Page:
A true leader must focus on the people, not on himself and his cronies. We all know how desperate some of our leaders become when it comes to efforts to try and impress us. They brag about their achievements and they demean and deride others as underachievers or failures, all in the hope that their own star may be seen as the shining one.

This other day I listened to this other ZANU-PF politician ranting in front of an audience about how he was ready to deal with undisclosed enemies, and he sounded like a wrestler trying to scare away an opponent just before a match. You do not come to a political rally to settle your personal scores with perceived enemies right in front of an audience that has given you the locus standi of a leader. The focus must be on the audience, not on yourself.

It is one thing to communicate to people because you believe you have something of value to say, and it is another thing altogether to communicate with people because you believe the people have got value.

People’s opinion on leadership has less to do with what they see in a leader than it does with what the leader can help them see in themselves.

People are not going to gain much in seeing or hearing the brilliance of a learned politician, but in seeing how that brilliance translates into benefits in their own lives.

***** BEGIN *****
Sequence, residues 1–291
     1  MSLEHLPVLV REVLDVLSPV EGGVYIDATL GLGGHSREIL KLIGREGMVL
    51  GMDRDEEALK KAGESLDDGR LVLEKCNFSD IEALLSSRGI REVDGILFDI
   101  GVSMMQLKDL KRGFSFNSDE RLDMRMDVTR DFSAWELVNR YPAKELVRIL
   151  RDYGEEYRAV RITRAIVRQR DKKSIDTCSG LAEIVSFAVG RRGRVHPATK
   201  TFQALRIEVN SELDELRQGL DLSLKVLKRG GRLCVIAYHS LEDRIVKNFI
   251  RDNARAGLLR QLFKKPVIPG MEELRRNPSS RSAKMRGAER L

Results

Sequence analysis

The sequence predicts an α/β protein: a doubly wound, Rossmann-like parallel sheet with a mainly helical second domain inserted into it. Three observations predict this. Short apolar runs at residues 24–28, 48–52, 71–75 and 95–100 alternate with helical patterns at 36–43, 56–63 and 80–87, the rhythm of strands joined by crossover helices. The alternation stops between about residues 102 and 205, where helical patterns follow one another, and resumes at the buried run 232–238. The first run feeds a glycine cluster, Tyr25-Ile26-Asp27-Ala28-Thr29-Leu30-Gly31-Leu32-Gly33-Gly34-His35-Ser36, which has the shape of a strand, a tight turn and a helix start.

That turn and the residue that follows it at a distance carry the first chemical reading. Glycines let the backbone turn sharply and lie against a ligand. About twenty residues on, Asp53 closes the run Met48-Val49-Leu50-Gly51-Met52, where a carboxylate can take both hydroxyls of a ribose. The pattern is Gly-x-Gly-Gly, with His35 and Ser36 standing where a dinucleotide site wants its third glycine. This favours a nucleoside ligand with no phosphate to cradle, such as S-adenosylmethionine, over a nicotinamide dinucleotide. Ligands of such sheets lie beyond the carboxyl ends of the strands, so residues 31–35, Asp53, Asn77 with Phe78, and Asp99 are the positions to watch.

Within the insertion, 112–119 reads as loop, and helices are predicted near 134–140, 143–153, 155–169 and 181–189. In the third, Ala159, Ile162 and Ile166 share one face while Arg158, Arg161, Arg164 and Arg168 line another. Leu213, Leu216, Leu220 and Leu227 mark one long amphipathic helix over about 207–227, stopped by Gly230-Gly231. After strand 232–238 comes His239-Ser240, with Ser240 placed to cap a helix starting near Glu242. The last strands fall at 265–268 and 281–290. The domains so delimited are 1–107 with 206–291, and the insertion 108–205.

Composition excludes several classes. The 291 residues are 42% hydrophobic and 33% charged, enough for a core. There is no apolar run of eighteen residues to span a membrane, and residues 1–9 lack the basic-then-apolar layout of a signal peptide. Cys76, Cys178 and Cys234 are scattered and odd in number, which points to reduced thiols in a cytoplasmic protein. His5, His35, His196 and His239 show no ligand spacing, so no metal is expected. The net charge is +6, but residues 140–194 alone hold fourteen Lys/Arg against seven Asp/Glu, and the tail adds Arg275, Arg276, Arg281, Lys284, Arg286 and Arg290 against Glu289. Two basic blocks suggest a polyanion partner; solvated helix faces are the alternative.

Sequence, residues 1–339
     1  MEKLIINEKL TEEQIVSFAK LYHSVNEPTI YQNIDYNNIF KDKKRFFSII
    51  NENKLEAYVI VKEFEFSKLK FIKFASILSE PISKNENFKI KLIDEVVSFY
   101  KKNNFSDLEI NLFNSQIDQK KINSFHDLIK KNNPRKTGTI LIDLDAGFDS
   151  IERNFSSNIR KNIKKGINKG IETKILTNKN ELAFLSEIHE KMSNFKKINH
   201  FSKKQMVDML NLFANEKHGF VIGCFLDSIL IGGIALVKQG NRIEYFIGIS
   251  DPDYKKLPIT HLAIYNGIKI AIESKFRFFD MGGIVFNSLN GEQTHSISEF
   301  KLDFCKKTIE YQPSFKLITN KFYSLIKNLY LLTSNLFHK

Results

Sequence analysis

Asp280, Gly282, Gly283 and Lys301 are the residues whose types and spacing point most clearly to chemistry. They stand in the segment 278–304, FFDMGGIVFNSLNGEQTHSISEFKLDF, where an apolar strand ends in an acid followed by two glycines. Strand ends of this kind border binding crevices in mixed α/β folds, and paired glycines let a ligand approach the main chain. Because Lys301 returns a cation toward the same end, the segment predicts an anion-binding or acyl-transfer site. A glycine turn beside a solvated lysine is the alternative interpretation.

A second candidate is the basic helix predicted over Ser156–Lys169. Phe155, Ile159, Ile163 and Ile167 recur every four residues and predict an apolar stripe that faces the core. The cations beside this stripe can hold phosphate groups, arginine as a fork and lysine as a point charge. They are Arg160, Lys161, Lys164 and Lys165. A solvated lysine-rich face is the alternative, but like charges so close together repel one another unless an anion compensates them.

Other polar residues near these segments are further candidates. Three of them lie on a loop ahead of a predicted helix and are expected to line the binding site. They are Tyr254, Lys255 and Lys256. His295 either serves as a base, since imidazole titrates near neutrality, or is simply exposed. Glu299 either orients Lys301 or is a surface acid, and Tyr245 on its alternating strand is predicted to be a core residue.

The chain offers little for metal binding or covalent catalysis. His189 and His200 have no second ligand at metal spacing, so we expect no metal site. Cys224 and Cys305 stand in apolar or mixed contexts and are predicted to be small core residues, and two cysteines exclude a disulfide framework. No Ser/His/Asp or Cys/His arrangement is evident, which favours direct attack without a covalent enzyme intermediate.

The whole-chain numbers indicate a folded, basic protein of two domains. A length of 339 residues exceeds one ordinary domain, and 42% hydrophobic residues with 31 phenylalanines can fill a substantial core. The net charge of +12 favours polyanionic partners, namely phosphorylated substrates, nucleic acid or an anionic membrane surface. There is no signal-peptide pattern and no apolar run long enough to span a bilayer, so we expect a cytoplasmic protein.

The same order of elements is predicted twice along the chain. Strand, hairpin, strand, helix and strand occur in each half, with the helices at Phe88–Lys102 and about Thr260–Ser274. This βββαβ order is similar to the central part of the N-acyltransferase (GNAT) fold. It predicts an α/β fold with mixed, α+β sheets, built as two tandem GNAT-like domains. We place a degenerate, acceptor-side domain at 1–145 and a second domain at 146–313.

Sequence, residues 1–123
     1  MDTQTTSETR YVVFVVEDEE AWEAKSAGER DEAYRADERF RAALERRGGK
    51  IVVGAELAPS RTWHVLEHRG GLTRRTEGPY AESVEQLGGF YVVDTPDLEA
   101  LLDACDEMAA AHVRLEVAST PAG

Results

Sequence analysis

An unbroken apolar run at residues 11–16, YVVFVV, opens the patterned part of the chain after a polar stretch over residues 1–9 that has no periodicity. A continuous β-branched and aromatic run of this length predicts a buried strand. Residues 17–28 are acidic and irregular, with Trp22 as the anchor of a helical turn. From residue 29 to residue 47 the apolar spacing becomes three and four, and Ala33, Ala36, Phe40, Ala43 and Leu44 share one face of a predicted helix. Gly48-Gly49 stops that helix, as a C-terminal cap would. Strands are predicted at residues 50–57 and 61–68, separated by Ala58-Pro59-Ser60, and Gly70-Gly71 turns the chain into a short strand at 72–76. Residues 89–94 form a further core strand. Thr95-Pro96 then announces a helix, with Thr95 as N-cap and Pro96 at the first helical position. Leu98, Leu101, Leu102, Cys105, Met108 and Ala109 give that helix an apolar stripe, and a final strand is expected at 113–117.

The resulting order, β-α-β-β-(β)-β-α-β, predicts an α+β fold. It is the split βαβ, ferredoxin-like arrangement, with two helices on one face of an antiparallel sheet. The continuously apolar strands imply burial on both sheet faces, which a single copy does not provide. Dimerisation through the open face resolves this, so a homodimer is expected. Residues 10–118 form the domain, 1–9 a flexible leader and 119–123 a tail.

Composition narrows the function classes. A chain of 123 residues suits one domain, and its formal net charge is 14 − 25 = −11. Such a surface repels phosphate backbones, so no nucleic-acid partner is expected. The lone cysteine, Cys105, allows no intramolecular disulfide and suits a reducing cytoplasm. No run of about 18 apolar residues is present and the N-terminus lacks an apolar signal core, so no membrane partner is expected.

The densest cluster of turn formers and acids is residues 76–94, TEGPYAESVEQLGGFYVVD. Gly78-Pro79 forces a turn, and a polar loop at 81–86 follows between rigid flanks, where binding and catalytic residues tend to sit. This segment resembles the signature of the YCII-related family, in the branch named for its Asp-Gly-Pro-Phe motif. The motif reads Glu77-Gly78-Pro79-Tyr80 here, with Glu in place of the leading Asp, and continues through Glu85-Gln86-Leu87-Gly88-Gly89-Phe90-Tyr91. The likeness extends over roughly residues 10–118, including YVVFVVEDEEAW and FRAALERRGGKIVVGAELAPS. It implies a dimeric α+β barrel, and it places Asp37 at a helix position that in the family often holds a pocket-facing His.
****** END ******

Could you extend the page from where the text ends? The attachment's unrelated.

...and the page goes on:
The role of true leadership is to offer direction and hope to the people. People expect leadership to help them get where they want to go. Any leader that takes away the hope of the people rules by tyranny.

True leadership creates hope in people, and as Napoleon Bonaparte once said, “Leaders are dealers in hope.”

We cannot create in our people any meaningful measure of hope when all they see in us is a leadership obsessed with power fighting, factionalism, sectarianism and unbridled ambition.

Zimbabwe we are one and together we will overcome. It is homeland or death!!

REASON WAFAWAROVA is a political writer based in SYDNEY, Australia

(This article first appeared on Reason Wafawarova’s Facebook Profile. Our section ‘Reason On Thursday reproduces and shares the articles, comments and views as published by Reason through his public platforms.)

 

Editor’s Note: Reason Wafawarova is Zimbabwe’s most respected, fluent, well researched, grounded, and appreciated columnist and political writer. He is both loved and hated, respected and loathed, revered and accused. There is no greater sign of candidness in a political writer than such an ability, to stir extremely opposite reactions from all over. It is for that reason (pun intended) we have decided to republish his content for your enjoyment. We have no doubt his views will stir intense debate, and discourse.